2017 showed my how privileged I was. Not that privileged, but it was enough to let me to do what I want: work indoors and write my life away without worrying about the electric bill or the rent. Life has been, overall, good. I have been living under God’s umbrella in the form of my parents. Our house, whose floors become evident of the effects of the recent earthquakes, became a haven for me.

But it wasn’t comfortable. I still get small, short anxieties. Sometimes, I hiss at myself with a desire to kick my ass. This isn’t how it should be. I, just like every other person past their thirty years, was supposed to be out there, fully accomplished, renting her own apartment, paying her own bills, driving her own car. I had none of that. I may have very little money to even fund that. I also have little courage.

So this is what I did: I grasped the opportunity and spent the entire 365 days pursuing a dream project, something I would have never attempted to if not for that small opening 2016 gave me. I started to hope. I changed. I became more than a writer. I became a Filipino writer. And while there were some cringe-worthy parts in my novel involving forced addition of my cultural elements (which I plan to edit later on when I get a new pair of vision — not necessary literal), I am proud to say that from a novel that I wrote because of a plot that haunted me 10 years ago, here you’ll find something more close to home. And that’s what I’m pressing on for this coming year.

This was the year I accepted the graces of my parents and moved on with a sole focus of pursuing my craft. Like Jo March, who was my childhood heroine (and who still broke my heart because HOW COULD SHE NOT FALL IN LOVE WITH LAURIE?) I pegged away at writing. I am proud to say that I have assembled, dissected and knitted Saltfolk in the most trying way possible, but I also have started on writing other projects: The Broken Constellation, Salamanca Zero, and the potential Saltfolk follow-up, Fifth the First. Writing is my life. Writing is for me. Writing will be there when no one else would.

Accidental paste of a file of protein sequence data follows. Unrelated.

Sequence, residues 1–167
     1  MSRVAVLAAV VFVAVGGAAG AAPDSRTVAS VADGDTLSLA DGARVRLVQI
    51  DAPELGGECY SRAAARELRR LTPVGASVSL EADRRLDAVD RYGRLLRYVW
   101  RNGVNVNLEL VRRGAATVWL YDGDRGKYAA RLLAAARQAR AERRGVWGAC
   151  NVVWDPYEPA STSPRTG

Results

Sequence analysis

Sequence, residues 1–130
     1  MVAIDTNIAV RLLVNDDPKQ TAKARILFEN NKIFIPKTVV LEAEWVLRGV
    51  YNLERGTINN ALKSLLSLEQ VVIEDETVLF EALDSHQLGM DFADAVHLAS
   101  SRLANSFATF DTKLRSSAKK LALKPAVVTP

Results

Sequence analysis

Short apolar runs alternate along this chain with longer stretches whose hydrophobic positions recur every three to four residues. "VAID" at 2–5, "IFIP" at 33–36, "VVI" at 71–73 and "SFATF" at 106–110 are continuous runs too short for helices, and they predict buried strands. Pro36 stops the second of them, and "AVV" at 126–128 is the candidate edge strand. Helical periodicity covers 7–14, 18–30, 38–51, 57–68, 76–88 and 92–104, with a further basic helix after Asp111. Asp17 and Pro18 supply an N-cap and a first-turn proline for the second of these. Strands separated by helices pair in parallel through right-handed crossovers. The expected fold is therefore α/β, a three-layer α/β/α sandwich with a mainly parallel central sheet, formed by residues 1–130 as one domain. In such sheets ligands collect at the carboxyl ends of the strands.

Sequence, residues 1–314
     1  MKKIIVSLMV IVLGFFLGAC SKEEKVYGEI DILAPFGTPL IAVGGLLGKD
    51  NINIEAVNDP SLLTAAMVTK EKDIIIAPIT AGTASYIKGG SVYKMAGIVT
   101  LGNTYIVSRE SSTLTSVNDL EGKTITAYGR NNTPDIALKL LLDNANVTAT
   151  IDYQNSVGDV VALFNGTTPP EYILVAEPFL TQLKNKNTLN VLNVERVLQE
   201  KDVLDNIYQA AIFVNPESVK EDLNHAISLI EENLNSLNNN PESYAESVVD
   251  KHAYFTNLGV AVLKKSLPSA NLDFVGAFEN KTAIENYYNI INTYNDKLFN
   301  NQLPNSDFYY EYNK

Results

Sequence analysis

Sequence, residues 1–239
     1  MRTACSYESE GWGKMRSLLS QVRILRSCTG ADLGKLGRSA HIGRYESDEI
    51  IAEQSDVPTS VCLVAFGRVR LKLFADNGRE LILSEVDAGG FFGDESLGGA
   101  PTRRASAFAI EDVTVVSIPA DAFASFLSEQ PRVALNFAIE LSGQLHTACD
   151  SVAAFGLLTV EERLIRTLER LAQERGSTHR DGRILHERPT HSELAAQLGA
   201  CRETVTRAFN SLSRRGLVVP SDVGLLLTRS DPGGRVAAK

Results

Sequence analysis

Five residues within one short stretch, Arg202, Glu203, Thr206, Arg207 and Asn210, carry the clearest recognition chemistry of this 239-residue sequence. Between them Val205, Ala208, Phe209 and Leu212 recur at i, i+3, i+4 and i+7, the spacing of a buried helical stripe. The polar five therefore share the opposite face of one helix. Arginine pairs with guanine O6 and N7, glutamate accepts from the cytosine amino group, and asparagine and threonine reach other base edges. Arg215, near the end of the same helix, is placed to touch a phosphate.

Well, I still hope someone would, but that would be later on, I guess?

First things first: a book

If I could tell you what broke my heart over and over again this year, it was this: mid-story revision. It’s when I knew I couldn’t go on further because I was stuck on a paragraph, and no matter how much I try to get roundabout it, there was no chance of saving the plot. I had to start over and over and over again to get here — which involved deleting old characters and breathing life into new ones. Writing a book was a torture. There were nights I couldn’t sleep because I was still writing even while on bed. I think that’s the reason why I’ve been so sleepy these days; to make up for the lost snoozes I could have had during August to October. That, or it’s just cold.

But writing taught me a lot about God’s Creatorship; how He was so careful in planning out everyone’s lives because little things make a thunderous ripple. We don’t know how we affect someone else, but He, the Writer of Our Stories, does. There are invisible interwoven threads that bind us all; only the Writer knows the whys and the hows. So skillfully did He mapped out our lives even before those fateful encounters. So wise did He put those stumbling blocks in our paths to help us grow stronger, wiser. And just like a Gardener, He looks on and waits for us to blossom into a better version of ourselves, without being demanding.

Being a writer is a privilege in itself. To send out those words, those thoughts and emotions, line by line. Perhaps, art is never meant to call attention to itself. It just thrives and ripens until it is time to be plucked out and enjoyed by many.

I learned a lot this year. I was patient. I counted time. Mortality was beautiful, as my dad so reminds me. I appreciated things all the more. Encouraged more. Loved more. Took risks more. Sent letters and received rejections. Thought of things that made me, at times bigger, at times smaller. I let myself be loved (and sometimes berate myself from being loved too much — do I even deserved it?). I questioned my intentions. I let God answer it for me. And looking at everything now, from where I’m standing, I could say it has been all good. All good to me.

True, I was privileged. I don’t know until when I will stay under this warm, comfortable umbrella, but I’m sure of one thing: I plan to use all the love given to me back to the poor-spirited, droopy hearts. I will love hard in return. I was given much, so I will give back much.

My only prayer now is that God would take me one step closer to my dream life, because I’m ready for this long drive. Great things take time, but I don’t aspire to be great. I aspire to be good. And that’s enough.